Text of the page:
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Rules for Anchorites

Letters from Proxima Thule


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I have not read this one, but I sold it an awful lot when I worked in a bookstore. One piece of narrative non-fiction I liked was "Nine Parts of Desire: the Hidden World of Islamic Women," by Geraldine Brooks.

I've always wanted to read her fiction, particularly Year of Wonders, but never got around to it yet.

Oh! And these three books by Mary Roach: "Stiff: The Curious Lives of Human Cadavers," "Spook: Science Tackles the Afterlife," and "Bonk: The Curious Coupling of Science and Sex."

I also quite liked the Bill Bryson I've read, but I liked his "A Short History of Nearly Everything" best.

The one I REALLY want to read, have wanted to read for ages, is one that's right by my bed currently, called "The World Without Us."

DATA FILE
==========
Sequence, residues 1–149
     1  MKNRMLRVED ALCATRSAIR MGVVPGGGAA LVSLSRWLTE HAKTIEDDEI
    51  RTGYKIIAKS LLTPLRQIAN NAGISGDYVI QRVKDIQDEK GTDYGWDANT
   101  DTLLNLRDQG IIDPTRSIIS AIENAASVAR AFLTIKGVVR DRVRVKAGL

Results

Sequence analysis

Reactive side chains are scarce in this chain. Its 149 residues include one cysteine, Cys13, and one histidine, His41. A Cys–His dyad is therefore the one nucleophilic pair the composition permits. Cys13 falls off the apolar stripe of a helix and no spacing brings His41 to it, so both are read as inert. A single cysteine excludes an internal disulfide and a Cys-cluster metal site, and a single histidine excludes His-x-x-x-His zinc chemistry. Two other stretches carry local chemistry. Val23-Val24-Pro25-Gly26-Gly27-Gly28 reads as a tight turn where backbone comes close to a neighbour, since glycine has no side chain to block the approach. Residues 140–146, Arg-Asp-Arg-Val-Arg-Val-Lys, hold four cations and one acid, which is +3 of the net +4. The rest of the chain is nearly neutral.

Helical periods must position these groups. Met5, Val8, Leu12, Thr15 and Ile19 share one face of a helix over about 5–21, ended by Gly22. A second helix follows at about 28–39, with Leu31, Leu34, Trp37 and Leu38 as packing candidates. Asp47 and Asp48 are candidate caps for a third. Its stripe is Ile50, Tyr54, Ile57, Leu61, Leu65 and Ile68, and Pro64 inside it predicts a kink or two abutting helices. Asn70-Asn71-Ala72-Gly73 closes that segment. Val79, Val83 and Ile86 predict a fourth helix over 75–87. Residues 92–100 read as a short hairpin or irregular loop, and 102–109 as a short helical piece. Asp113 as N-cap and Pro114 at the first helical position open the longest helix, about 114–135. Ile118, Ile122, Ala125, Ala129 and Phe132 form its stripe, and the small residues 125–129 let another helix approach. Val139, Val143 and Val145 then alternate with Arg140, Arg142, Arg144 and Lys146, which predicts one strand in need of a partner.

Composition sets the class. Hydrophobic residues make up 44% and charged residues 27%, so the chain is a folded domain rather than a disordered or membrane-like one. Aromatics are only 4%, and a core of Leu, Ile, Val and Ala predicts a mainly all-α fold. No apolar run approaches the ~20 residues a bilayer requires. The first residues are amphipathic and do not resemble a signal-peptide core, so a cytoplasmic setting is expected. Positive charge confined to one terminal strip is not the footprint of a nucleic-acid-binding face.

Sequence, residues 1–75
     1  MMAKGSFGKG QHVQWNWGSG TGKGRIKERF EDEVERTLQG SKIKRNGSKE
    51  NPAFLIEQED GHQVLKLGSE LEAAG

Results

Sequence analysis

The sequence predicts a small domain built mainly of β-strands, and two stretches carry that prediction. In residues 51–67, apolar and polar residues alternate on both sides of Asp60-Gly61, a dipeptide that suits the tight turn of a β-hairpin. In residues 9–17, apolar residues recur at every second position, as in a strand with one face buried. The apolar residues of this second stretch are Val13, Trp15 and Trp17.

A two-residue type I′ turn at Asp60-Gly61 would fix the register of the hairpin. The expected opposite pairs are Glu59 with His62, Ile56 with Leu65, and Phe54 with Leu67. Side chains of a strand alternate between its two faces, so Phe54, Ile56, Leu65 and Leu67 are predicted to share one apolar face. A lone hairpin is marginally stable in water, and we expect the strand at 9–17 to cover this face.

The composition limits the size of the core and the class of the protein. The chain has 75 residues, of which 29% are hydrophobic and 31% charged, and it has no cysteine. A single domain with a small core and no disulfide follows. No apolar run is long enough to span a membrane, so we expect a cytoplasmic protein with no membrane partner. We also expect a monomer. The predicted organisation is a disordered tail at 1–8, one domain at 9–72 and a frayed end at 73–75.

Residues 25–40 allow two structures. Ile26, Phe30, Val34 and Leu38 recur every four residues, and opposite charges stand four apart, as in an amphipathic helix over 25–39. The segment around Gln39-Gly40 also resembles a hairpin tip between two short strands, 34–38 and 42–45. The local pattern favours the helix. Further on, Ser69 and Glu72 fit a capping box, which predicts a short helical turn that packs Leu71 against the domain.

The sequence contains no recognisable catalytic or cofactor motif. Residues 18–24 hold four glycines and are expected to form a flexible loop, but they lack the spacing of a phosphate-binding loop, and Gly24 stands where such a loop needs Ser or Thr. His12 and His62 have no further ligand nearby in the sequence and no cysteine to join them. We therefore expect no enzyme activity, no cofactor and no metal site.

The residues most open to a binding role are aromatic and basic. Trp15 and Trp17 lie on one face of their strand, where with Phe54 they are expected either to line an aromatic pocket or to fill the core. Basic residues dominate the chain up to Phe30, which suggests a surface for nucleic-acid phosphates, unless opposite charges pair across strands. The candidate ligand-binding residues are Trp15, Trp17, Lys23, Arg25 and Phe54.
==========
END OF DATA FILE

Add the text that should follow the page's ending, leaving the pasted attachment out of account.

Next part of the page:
My father also recommended "The Ghost Map," about a cholera outbreak in London. When I last spoke to him, he was very into the audiobook of "The Poisoner's Handbook: Murder and the Birth of Forensic Medicine in Jazz Age New York."

Not that you needed anything more to read. :)

I loved the Mary Roach books I read (Stiff and Bonk). I'm waiting for the library to bring me Packing For Mars, about issues of living in space over the longer term.

Another piece about living in space is almost impossible to find - a reprint from the New Yorker about Space Lab that ran across three issues. Although it should be available in their new digital archive of everything.

I've loved all the Mary Roach books I've read, and I think that Packing for Mars is her best yet. All of her discussion about the complexities and chaos and hilarity and bureaucracy of the research did more to sell me on the space program than a dozen "But...space!!" conversations with enthusiast friends. Also: funny.

...I'm suddenly reminded it's been ages since I reread Spook.

Agreed. Mary Roach is a writer who handles interesting subjects and usually quite hilariously.

"The Ghost Map" and "The Poisoner's Handbook" are both fabulous. As are all of Mary Roach's books. Sort of in the same vein, I loved "The Disappearing Spoon" by Sam Kean which is about the periodic table. It went very well with "The Poisoner's Handbook".

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